Best pastures for lifting performance

Best pastures for lifting performance

Participating in the Hill Country Futures Partnership programme has helped John Chapman identify and quantify the best pastures for lifting the performance at his 4,250 ha Inverary Station in Mid Canterbury.

Lincoln University got in touch with John after learning he was conducting his own pasture production research as part of an in-depth review of the property and livestock, looking at ways to drive productivity and profitability. 

“Professor Derrick Moot was keen to work with us and provide technical support – as part of the Hill Country Futures programmes research projects that he leads, working with farms and farmers across New Zealand,” says John.

The Hill Country Futures Partnership is a five-year programme co-funded by Beef + Lamb New Zealand, the Ministry of Business, Innovation and Employment, PGG Wrightson Seeds and Seed Force New Zealand.

The $8.1m programme is focused on future proofing the profitability, sustainability and wellbeing of New Zealand’s hill country farmers, their farm systems, the environment and rural communities. It differs from most pastoral-based research in that it considers the whole-farm system and, critically, the wider communities these systems exist within.

It incorporates traditional science research, farmer knowledge, social research and citizen science and has a strong emphasis on forages and providing decision-making tools to help farmers select the best forage option for different land management units.

John and his wife Anne farm the 4,250 Ha sheep and beef hill and high country property near Mt. Somers, with managers Bert and Kate Oliver who are joining them in an equity partnership

The farm runs to 1500m altitude and carries 5500 ewes, 1600 hoggets (half mated), 700 breeding cows and 400 yearling cattle wintered.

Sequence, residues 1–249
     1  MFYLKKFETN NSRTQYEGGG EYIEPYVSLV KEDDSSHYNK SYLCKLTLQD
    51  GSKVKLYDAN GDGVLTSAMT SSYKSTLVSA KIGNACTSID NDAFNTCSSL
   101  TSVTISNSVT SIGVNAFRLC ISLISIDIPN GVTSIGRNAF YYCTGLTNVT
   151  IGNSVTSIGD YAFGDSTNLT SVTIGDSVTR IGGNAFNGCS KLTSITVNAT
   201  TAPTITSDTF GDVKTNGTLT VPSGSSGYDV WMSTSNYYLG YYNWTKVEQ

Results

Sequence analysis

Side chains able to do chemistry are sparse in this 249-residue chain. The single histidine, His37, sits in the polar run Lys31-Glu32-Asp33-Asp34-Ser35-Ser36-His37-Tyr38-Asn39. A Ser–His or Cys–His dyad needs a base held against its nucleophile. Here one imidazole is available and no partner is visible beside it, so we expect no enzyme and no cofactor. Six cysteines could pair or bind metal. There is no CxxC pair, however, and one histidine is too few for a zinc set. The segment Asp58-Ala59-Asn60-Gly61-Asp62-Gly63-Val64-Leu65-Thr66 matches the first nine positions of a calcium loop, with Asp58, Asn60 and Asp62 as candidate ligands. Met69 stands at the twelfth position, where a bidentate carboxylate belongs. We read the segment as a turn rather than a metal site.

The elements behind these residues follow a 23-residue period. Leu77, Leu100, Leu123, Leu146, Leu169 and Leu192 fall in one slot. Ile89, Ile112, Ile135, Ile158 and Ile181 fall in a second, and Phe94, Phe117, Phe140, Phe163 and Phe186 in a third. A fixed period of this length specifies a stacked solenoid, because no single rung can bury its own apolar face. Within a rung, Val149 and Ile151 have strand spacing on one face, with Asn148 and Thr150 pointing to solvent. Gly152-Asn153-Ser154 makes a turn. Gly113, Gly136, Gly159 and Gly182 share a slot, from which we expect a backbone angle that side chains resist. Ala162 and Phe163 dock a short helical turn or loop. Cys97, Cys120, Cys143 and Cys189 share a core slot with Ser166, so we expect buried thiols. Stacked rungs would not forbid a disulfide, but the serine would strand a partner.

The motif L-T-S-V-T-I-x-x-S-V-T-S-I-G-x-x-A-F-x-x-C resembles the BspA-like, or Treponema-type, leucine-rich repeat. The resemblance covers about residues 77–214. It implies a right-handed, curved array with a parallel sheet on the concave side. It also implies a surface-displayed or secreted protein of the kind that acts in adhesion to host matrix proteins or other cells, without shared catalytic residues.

Around half of the property is higher and harder hill country with limited useful grazing. The lower hill country is a mixture of improved and unimproved blocks with better soils. The remainder is in a variety of terrains from cultivated river flats to higher glacial terraces.

The rolling or flat country with good cultivatable soils consistently grows large quantities of high-quality dry matter,  however the hill blocks, largely browntop-based, are slow growing when needed in the spring but generate large surpluses of poor quality feed in the summer and autumn.

“About ten years ago, we began a substantial development stage on the property but we were still struggling to use much of our hill country pastures efficiently,” says John.

“We didn’t really understand the seasonal contributions from the hill country although we knew it didn’t fit our feed demand too well. On the other hand, the legume pastures we had established were providing some exciting results. I set out a network of over 30 pasture cages throughout the property and measured the growth on a six-weekly basis providing a comparison between a variety of hill blocks and existing and developing pasture elsewhere.

“This fitted nicely with the work Derrick Moot was doing around legumes in hill country and he provided a lot of technical support in weighing and analysing the pasture samples.”

The measurements have been maintained for five years and have accurately determined the relative advantage of the legume based pastures over conventional grass based pasture.